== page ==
|Here they are, fresh out of their shipping package and on their way to their new home!|
One of the first things I did upon moving in to my new apartment was to save one of my smaller moving boxes to start a little worm bin. I choose a box that a regular plastic grocery bag will easily line. I filled the bag/box about 1/3 full of organic potting soil, and then I collected a handful of clay and loam rich soil to add to the potting soil. (That was a gift from a gopher who makes his home along the local river.)
Worms need some fine mineral soil--they ingest it and it helps their digestion. The clay particles they ingest also supper-charge the worm castings. It seems that the clay-humus combination excreted by worms provides many plants with exactly what they need as far as nutrition is concerned, and also as far as the delivery method. Clay also contains cation exchange sites--which hold on to the nutrients until the microorganisms involved with the soil nutrient cycle present them with something in exchange.
There are microorganisms in the soil whose sole business is to trade nutrients they obtain from cation exchange sites with plant root hairs. What they get in the bargain are the carbohydrates that fuel their lives. The only source of carbohydrates, of course, are plants. They make them from sunlight and water using nutrients they exchange with microorganism in their root hairs.
In most natural environments here in North America, this all proceeds without the help of earthworms. There are very few earthworms indigenous to North America and they inhabit very small environmental niches. All most all the worms we encounter here were originally from Europe. And in fact, worms are not always a welcome part of natural environments. They can disrupt indigenous soil nutrient cycles and in some areas this is threatening native plant species and the organisms that depend on them. Just something to think about before you toss out worms leftover from fishing or before you introduce worms to your garden if you live adjacent to natural areas that do not already harbor earthworms.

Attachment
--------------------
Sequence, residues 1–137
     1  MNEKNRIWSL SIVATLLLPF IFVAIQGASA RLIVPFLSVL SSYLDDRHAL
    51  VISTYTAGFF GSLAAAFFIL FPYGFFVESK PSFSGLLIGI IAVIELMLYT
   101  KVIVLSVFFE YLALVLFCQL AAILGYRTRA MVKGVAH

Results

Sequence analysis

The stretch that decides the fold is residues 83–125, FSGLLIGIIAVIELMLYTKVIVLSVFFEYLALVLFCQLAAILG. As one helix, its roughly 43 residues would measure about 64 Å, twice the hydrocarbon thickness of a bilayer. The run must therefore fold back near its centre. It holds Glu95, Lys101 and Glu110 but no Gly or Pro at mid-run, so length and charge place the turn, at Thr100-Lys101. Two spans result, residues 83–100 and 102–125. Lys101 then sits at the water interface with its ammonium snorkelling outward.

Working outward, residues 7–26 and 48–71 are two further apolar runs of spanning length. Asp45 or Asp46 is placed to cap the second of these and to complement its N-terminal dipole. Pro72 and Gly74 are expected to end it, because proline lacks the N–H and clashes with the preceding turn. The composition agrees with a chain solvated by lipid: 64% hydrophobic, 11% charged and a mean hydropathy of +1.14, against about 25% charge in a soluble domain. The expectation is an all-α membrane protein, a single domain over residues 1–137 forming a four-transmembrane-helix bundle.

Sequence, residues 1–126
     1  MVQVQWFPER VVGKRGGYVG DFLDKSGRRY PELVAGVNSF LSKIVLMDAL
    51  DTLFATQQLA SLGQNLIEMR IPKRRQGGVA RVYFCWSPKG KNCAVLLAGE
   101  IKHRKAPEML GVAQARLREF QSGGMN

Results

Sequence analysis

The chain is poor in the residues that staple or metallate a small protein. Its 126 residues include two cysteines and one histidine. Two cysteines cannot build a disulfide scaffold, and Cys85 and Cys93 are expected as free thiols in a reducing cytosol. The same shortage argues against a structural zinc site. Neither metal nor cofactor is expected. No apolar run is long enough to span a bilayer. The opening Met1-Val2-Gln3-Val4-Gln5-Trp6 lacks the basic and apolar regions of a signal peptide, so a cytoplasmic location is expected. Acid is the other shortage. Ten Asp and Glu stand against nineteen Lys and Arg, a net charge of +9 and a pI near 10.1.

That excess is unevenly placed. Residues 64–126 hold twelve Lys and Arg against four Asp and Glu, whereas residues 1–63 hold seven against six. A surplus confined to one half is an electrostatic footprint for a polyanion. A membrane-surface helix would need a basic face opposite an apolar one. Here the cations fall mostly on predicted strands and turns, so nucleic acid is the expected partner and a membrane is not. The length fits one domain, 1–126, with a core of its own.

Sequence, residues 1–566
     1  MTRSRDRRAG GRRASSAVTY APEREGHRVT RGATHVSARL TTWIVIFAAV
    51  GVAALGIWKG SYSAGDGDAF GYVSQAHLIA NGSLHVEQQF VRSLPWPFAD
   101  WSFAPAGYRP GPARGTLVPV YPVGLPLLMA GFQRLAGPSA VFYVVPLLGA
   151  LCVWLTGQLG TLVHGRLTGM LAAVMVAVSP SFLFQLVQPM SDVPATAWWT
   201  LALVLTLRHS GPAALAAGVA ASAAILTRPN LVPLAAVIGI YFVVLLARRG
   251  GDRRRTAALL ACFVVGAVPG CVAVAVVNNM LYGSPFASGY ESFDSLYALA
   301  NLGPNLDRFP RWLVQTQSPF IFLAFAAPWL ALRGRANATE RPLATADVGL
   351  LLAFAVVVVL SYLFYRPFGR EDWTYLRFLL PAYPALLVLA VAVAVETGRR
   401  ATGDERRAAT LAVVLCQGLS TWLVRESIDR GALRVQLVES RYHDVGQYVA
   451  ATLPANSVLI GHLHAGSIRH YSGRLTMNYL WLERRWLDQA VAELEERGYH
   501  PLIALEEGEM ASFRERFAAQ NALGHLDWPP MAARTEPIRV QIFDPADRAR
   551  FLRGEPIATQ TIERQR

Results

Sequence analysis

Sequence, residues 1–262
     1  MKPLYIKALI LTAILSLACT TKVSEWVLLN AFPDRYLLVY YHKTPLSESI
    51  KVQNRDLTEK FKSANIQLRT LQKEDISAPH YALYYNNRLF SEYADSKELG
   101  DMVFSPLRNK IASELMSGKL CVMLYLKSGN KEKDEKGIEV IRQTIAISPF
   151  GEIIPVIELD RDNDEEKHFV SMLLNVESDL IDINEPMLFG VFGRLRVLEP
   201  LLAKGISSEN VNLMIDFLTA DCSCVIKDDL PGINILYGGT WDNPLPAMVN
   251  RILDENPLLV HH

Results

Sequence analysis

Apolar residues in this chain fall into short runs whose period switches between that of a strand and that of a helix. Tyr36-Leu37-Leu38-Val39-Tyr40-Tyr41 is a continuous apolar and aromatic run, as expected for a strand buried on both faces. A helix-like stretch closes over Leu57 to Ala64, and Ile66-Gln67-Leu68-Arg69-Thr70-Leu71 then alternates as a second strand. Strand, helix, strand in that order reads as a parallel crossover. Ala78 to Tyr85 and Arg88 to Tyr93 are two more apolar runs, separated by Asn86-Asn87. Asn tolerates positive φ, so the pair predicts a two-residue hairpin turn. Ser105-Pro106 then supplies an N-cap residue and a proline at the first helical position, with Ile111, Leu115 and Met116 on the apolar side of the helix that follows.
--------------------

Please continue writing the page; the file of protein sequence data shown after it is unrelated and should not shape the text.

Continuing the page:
Soil nutrient cycles can do what they need to do without earthworms, but where appropriate, worms supper-charge the process! They do their best work right in the soil of your garden, rather than in a worm bin or box. If you haven't already, check out my article on gardening with worms here:
Let Worms do Your Work! You might also want to check out my related photo album on facebook:
The Compost Hole Method.
The Compost Hole Method.
Alas, having recently moved into an apartment, I am no longer in a position to bury my compostables on a regular basis. Not to worry though, I do have a community garden plot in the next town, I will still be gardening and tending soil! The only worms available locally are night crawlers, which I really enjoy in the garden, but I have never raised them in a box before, and I wanted to stick with something familiar. So I ordered 1/2 pound of red compost worms on-line.
Before they arrived I made sure that their organic potting-soil-bedding was evenly moist, but not soggy. Using a soil thermometer, I found a good spot for them in the apartment. Sixty degrees Fahrenheit up to the high seventies is ideal. Colder and they become sluggish, hotter and they suffer. I found the perfect spot in my water heater closet! Next I buried about a pint of kitchen waste in the potting soil and waited for my worms to arrive.
Most people use shredded paper for worm bedding, and I do add some paper to my worm boxes if they start getting too damp. However, I have found that my worms are happier, healthier, and more vigorous if their bedding is mostly chemical free natural materials, like organic potting soil and fallen leaves. All paper has been through chemical processes and retains traces of these chemicals. I have seen with my own eyes the difference between raising worms on paper bedding and on natural bedding. I will stick with using a preponderance of natural material.
My current worms take about a week and a half to processes about a half a weeks worth of my kitchen waste. I figure that eventually I will want about four times as many worms. Living in a small apartment, this will take some creativity on my part . . . but I am sure it can be done!
A word about smells. A properly managed, maintained, and cared for worm box or bin has hardly any smell at all. If I put my nose right down in the box, it has a very slight forest earth kind of scent. If your worm box smells unpleasant, it may be too moist, too hot or cold, you may need a higher ratio of bedding to kitchen scraps, or you may need more worms or less scraps. It is a learning process. However there are lots of books and blogs and articles devoted to indoor "vermiposting." Vermiposting is what composting with worms is called! Almost anyone can use this technique to recycle kitchen waste into supper-charged soil!
If you would like to leave tips, ask questions, or share useful web sites or books, please feel free to leave a comment. I don't think Blogger will let you put a URL in comments, but you can give the names of useful websites and we can search them out!